The bewildered and tortured slaves were often housed in tiny animal kennels or underground chambers before “selection” for the gas chamber.

After the war, when some very small number of Jewish claimants called upon Daimler-Benz and other criminally responsible German firms to make some sort of restitution, the victims and their survivors were cruelly rebuffed.

On November 5, 1997, a German court upheld its government’s policy of rejecting compensation claims by Nazi-era slave laborers.

The judges based their decision in part on the fact that the pertinent German companies had already paid the Nazi SS for the forced laborers they had “employed” and that therefore no “further compensation” to Jewish victims was owed by the companies.

Most of these companies, of course, including Daimler-Benz, remained in business. Not one of these companies, including Daimler-Benz, ever made more than a token payment to their former Jewish slaves or to associated claimants.

In his book The Germans (St. Martin’s Press 1989) Financial Times correspondent David Marsh indicates that it was not until June 1988 that Daimler made a DM20 million payment to the U.S. Jewish Claims Conference “to ease consequences still ensuing from those times.”

Marsh notes that by June 1988, the actual victims of Daimler-Benz enslavement were no longer alive.

In 1998, according to Marsh, Daimler-Benz admitted to using 29,500 slaves at the end of 1944. (This was around half of its entire work force.) They sought – via its merger with Chrysler Corporation – to become a new and important giant in American industry.

Although certainly never to be acknowledged by Wall Street analysts, the now-imminent failure of this giant is due in some immeasurable way to the infamously unclean side of Daimler-Benz.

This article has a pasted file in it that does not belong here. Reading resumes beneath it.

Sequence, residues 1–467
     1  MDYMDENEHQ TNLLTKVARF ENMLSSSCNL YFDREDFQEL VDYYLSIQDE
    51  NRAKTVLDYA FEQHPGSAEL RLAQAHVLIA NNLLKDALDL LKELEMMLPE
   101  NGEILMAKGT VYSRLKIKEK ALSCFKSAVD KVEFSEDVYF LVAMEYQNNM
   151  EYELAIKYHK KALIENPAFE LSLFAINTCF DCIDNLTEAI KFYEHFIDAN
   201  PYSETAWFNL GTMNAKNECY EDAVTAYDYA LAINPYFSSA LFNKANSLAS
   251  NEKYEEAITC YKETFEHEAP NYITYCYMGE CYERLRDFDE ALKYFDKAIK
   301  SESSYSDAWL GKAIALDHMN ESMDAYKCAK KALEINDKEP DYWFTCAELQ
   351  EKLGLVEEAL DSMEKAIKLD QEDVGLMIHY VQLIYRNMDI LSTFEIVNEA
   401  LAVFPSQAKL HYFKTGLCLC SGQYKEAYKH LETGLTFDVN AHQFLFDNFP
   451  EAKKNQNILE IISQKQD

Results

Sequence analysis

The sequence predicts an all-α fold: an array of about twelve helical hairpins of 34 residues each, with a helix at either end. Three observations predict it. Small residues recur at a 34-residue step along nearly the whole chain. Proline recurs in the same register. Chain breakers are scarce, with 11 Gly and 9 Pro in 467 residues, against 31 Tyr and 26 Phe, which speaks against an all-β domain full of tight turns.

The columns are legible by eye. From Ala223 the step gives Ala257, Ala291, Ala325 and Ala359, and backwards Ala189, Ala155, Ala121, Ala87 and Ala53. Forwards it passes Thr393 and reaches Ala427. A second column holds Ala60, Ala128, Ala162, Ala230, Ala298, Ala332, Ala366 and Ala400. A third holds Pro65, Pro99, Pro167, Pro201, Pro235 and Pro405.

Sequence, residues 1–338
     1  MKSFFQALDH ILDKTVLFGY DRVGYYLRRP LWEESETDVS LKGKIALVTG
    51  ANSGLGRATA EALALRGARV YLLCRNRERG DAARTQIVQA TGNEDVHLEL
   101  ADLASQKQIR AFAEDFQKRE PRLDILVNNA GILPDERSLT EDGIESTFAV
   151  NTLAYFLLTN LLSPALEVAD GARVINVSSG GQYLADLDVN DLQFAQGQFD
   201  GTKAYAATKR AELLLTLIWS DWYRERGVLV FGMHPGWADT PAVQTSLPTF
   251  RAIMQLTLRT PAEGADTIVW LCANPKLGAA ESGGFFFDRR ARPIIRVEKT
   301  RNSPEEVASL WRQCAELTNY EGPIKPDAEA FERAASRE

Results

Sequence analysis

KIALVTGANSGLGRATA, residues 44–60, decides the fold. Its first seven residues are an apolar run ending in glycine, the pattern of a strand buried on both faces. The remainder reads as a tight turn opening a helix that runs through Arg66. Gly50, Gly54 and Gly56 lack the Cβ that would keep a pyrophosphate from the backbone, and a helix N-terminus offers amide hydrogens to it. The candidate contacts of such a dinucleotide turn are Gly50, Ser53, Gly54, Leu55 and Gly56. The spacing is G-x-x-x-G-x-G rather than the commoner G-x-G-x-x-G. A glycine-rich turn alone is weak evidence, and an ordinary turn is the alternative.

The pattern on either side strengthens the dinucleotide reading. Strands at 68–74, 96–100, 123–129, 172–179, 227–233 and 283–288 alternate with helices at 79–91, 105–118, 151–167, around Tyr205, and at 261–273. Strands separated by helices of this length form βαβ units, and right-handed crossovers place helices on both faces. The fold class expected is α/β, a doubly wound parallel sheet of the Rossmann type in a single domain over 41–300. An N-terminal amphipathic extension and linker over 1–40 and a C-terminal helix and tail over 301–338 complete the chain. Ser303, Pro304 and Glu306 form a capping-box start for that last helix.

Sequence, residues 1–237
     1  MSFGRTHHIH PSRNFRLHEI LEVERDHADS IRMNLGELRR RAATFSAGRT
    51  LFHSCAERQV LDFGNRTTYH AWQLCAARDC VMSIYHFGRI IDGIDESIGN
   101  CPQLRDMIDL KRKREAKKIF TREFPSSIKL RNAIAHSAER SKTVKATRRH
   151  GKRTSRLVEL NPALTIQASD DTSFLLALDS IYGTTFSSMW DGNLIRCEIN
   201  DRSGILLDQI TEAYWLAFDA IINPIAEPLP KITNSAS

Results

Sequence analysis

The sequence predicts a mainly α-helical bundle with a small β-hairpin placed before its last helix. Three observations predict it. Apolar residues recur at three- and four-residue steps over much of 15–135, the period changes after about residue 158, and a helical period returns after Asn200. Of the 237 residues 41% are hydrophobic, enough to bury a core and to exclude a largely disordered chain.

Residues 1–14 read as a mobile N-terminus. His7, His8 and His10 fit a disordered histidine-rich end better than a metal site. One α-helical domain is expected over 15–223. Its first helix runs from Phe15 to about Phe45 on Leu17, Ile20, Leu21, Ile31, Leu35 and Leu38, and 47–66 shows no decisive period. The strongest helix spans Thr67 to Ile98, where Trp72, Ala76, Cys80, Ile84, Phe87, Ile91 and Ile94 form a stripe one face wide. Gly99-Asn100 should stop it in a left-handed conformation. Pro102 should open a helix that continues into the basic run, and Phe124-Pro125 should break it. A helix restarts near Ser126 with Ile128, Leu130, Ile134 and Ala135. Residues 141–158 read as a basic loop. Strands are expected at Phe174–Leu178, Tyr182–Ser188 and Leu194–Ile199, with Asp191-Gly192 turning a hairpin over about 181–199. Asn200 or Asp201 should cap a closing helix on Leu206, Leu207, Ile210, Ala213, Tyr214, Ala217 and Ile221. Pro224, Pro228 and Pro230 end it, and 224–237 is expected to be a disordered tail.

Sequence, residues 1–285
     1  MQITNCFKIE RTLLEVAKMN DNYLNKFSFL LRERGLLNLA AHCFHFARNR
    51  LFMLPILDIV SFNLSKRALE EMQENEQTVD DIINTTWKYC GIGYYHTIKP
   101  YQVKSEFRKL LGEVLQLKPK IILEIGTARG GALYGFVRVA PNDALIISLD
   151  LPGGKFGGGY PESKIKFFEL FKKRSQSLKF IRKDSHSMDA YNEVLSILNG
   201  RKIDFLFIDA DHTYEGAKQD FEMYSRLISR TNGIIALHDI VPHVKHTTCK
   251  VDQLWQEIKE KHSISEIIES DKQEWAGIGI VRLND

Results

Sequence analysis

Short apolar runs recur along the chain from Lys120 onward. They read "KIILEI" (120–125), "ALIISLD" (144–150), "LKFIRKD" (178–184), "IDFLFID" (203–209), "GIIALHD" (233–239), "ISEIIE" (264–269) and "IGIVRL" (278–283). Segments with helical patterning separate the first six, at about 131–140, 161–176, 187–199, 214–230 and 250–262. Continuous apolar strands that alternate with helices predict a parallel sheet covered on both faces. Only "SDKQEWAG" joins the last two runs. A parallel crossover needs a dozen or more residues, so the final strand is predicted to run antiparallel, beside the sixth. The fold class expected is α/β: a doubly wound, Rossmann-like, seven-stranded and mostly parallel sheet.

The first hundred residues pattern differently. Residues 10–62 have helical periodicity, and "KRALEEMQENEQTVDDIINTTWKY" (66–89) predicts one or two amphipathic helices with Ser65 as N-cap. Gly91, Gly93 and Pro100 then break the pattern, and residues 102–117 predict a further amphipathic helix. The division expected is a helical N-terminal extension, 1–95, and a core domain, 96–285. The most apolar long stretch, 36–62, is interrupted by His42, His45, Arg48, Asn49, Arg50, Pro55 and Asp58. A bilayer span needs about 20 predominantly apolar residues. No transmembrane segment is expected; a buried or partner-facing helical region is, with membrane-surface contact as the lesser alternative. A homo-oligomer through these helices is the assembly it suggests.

During the War, Daimler-Benz didpay salaries for their slaves, but the payments were made directly to the SS, which naturally kept the money. The ties between the German industrialists at Benz and other concerns to the SS were more intimate than is generally realized.

The industrialists were all heavy contributors to SS leader Himmler’s personal fund. For a Christmas celebration in 1943, Himmler invited these magnates to his own headquarters. An SS film on eradicating Jewish “vermin” was screened, and the “distinguished group” was entertained by an SS all male chorus.

How did the victorious allies mete out justice to the German industrialist murderers? No corporate director or manager was compelled to stand before the International Military Tribunal. Not one.

In subsequent trials against certain leading directors, several defendants were found guilty of crimes against humanity for exploiting Jewish slave labor. Although many were sentenced to long prison terms, by January 1951, not a single corporate criminal was still in jail.

An act of “clemency” by John J. McCloy, United States High Commissioner, gave all of these Germans their complete freedom. A mere half-dozen years after the war, all of the criminal German business leaders were free to regain huge personal fortunes.

The Jewish slaves, who had endured the unendurable, were left only with abject poverty, crippling illness, limitless pain, and incessant nightmares.

So the Nazi-era crimes of Daimler-Benz had been forgotten or forgiven on Wall Street. After all, there was presumably a lot of money to be made in the merger with Chrysler, and no reasonable investor wanted to be limited by what was done and cannot be undone. Yet memory, not forgetfulness, is indispensable to justice. And justice – even on Wall Street – is what America is ultimately all about.